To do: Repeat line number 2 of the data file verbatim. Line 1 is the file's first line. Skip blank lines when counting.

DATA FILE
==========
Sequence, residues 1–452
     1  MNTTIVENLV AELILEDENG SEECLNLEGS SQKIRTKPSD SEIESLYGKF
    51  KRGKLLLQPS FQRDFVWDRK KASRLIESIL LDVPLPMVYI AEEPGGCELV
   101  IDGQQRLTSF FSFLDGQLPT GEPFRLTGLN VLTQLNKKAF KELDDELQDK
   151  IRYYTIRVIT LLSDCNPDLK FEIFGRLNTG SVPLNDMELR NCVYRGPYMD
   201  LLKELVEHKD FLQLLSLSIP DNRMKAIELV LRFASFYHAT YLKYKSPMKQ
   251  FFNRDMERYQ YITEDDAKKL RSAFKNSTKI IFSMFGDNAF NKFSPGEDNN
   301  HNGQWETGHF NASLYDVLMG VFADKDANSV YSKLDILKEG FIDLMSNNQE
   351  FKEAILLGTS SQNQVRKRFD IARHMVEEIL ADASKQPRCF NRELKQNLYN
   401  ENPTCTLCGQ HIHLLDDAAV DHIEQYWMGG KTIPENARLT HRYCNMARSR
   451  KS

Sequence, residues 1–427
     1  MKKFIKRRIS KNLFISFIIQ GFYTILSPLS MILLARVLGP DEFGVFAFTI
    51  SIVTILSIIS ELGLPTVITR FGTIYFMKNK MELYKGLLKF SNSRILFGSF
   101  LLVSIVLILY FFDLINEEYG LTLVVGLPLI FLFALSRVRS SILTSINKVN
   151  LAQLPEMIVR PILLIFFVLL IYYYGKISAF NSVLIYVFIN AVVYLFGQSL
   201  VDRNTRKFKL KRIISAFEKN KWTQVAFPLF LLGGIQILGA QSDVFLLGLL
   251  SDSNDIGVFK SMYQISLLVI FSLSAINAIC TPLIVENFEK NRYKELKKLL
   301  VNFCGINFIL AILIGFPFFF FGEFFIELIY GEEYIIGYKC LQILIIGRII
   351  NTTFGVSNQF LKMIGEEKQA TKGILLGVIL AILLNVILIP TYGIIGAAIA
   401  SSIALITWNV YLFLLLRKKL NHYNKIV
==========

     1  MNTTIVENLV AELILEDENG SEECLNLEGS SQKIRTKPSD SEIESLYGKF